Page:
Seattle attorney David McDonald was too tired to sleep last weekend after working with fellow members of the Democratic Rules Committee to settle the battle over seating of the Florida and Michigan delegations.
He spent a few hours sightseeing in Washington, D.C., several hours in the air thinking, and decided to endorse Barack Obama.
"The sticking block for me was waiting until the rules committee issues were decided," McDonald said.
Obama was picking off "superdelegates," McDonald included, and by day's end stood just little more than 40 short of the 2,118 he needs to claim the Democratic presidential nomination.
A few leaders of Hillary Clinton's campaign - ex-Gov. Tom Vilsack of Iowa, and former Democratic Chairman Don Fowler - made public statements Monday that they expect Obama to be the Democratic nominee.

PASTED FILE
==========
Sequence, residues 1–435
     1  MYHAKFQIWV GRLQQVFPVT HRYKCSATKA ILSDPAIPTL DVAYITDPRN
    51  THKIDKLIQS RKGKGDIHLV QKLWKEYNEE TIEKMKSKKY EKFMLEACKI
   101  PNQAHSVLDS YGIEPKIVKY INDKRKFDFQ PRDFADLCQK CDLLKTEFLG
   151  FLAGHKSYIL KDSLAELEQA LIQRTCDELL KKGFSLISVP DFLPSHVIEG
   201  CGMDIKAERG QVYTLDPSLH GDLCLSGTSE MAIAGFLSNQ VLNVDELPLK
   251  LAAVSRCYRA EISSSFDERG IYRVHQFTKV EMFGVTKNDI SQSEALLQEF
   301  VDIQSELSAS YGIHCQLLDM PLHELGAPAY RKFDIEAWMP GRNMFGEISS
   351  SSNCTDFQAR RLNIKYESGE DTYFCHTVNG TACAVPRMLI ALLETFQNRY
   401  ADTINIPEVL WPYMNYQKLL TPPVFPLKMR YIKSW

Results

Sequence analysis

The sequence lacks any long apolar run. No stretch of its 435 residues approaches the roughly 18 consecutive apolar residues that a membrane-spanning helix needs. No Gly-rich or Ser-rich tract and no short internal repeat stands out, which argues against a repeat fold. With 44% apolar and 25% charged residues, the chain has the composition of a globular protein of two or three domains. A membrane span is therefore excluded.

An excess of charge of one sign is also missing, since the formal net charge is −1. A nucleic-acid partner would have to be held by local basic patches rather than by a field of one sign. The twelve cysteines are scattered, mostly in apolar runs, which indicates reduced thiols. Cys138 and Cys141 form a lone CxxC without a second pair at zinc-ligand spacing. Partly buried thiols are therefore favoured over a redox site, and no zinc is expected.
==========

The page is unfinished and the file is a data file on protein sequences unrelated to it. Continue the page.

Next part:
The Montana and South Dakota primaries will allocate just 31 delegates, meaning that "superdelegates" must put Obama over the top.
McDonald has served for years as attorney for the state Democratic Party, and as a peacemaker in the party. He calmed down angry Jerry Brown supporters in 1992, after the party's proportional representation rules gave Bill Clinton an extra delegate in the 7th District.
He predicted that state Democrats will come together after the months-long battle between the "Gentleman from Illinois" and "Gentle Lady from New York."
"Washington voters are intelligent enough to see the huge gap between Bush and McCain, and Obama and Clinton. It's (unity) a challenge, but not as difficult as some might think."
At the start of a conversation, however, McDonald indicated that Obama-Clinton divisions are still felt at the K & L Gates law firm where he practices.
"People here are partly for Obama, and partly for Clinton, so I am not sure they want to hear me," he said. "Let me close the door."